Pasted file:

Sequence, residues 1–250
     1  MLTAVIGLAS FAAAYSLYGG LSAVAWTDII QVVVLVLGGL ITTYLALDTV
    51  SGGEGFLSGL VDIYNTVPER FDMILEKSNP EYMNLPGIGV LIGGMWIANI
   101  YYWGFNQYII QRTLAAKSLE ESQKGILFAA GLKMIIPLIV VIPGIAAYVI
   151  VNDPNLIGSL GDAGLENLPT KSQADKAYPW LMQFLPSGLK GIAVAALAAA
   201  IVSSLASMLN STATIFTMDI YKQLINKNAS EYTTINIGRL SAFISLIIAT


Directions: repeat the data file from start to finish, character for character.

Sequence, residues 1–250
     1  MLTAVIGLAS FAAAYSLYGG LSAVAWTDII QVVVLVLGGL ITTYLALDTV
    51  SGGEGFLSGL VDIYNTVPER FDMILEKSNP EYMNLPGIGV LIGGMWIANI
   101  YYWGFNQYII QRTLAAKSLE ESQKGILFAA GLKMIIPLIV VIPGIAAYVI
   151  VNDPNLIGSL GDAGLENLPT KSQADKAYPW LMQFLPSGLK GIAVAALAAA
   201  IVSSLASMLN STATIFTMDI YKQLINKNAS EYTTINIGRL SAFISLIIAT